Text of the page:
The doctrine of the Trinity had been the result of an early accom-modation between Hebrew monotheism and Platonic ideas. In theMiddle Ages it became impossible convincingly to steer Trinitariantheology simultaneously away from the Scylla of tritheism and theCharybdis of a triple incarnation. Immortality became much easierto defend within what we regard as the Neoplatonic tradition. Thattradition could shelter behind the authority of Augustine, but, sinceall human beings shared the same aspirations which were triggeredby human emotional experience to ascend to the beatifying love ofGod, it necessarily implied both the immateriality of the principleof human spiritual activity and the possibility of pagan salvation.

In spite of the Aristotelianism of the thirteenth-century scholasticsand of Nicholas V, Ficino tells us that he believed himself divinelyinspired to present to his contemporaries the philosophies of Platoand Plotinus, themselves beneficiaries of a tradition which was inau-gurated with the beginnings of the human race. The transmission,first recounted by Ficino in the 1463 translation of the Poimandres,comprised Hermes Trismegistus, Orpheus, Aglaophemus, Pythagoras,and Plato's teacher Philolaus. Raymond Marcel counts eleven occur-rences of this list.19 Zoroaster is first mentioned by Ficino in De amore,but actually put at the head of the list before Hermes in the Philebuscommentary, and then again in the Platonic Theology; and there ismore than a suggestion that Ficino recognized the common originof the three great Middle Eastern religions, Judaism, Christianity,and Islam. The geography of their origins strongly suggests a com-mon Zoroastrian ancestry.20

Ficino believes that Hermes Trismegistus started to teach by pray-ing, and ended by sacrifice, and he accepted Plato's view that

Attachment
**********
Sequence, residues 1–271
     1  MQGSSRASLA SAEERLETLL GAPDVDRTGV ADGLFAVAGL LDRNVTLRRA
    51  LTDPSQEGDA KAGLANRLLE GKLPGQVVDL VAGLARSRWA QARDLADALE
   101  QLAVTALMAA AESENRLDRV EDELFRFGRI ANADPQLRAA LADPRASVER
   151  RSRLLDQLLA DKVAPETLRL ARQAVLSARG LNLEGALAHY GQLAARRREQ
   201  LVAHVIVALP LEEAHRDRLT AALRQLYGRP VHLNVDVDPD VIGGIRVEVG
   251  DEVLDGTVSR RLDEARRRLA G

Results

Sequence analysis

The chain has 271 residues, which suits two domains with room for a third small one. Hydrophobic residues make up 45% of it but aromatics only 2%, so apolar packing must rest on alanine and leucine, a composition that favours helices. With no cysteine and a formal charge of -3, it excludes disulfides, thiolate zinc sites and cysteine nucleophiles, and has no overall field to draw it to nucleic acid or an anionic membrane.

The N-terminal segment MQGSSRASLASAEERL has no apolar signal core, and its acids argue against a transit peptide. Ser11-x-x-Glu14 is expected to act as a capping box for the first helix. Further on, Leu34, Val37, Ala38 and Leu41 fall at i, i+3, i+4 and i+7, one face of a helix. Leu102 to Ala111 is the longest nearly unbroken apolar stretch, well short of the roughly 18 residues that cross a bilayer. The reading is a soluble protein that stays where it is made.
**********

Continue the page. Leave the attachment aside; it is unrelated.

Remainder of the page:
Marsile Ficin, p. 603.Allen, Synoptic Art, pp. 26-41.

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Zoroaster's philosophy is nothing but 'sapiens pietas cultusque divi-nus'.21 Ficino follows Augustine in never allowing to the philosophersand spiritual teachers before Christ the fullness of Christian truthwhich Christ first revealed, and is generally careful not to sayoutright that Plato is actually saved, however richly he deserved thestatus of Christian prophet. Indeed, however near Ficino thoughtPlato came to the fullness of Christian truth, and however muchAugustine's conversion to Christianity owes to his reading of Plato,22

Plato did not arrive at the doctrines of the Trinity or the incarna-tion, as Ficino makes clear in his letter to Rondoni, Bishop of Rimini,repeating what he had already written in the Concordia.23 Ficino treatsthe question of the salvation of the pre-Christian theologians in thepreface to the second edition of De Christiana religione and in a letterto Antonio da Sarzana, De salute philosophorum ante Christi adventum(Opera omnia, p. 806). They are clearly not damned, but they cannotmerit the supernatural grace of Christ. Their final salvation is allowedonly when, with the Old Testament prophets, they gain admissionto heaven in the presence of Christ.

The solution is metaphysically unsatisfactory, particularly for athinker like Ficino, who subscribes to a hierarchically separated seriesof levels of being. Any form of limbo, even if it avoids the crassersufferings with which Pseudo-Gregory terrified a millennium ofChristians, causes the frustration of the natural human aspirationsto supernatural beatitude in which hell was considered ultimately toconsist. Yet without its supernatural aspirations, human nature couldneither yearn for nor be fulfilled by divinizing beatitude.

Ficino, although taken by modern commentators to be a theolo-gian in the strict sense, should actually be regarded as an apologistrather than a metaphysician. He found the answers to the centralreligious problem of personal immortality in a Platonic, or more gen-erally Plotinian view of the soul, as Augustine had done. He assumedthe primordiality of the religion of Hermes Trismegistus, as expressed

21 See letter to Antonius Ziliolus Sophronicus, Opera omnia, p. 853, quoted byMarcel, Marsile Ficin, pp. 624-25, and in English translation in The Letters of MarsilioFicino, tr. by members of the Language Department of the School of EconomicScience, 6 vols to date, London, 1975-, VI, pp. 32~34.

22 See De Christiana religione, ch. 22.23 M. J. B. Allen, 'Marsilio Ficino on Plato, the Neoplatonists and the Christian

Doctrine of the Trinity', Renaissance Quarterly, 37 (1984), pp. 555—84, now in hisPlato's Third Eye: Studies in Marsilio Ficino's Metaphysics and its Sources, Aldershot, 1995.

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in what we call the Corpus Hermeticum and he knew as the Poimandres,and the authenticity of the Neoplatonist Corpus Dionysiacum as thework of St Paul's first convert at Athens. He was thereby helped bybeing able to affirm the hom*ogeneity of the Mosaic revelation, theTimaeus, and the world-view of Plotinus.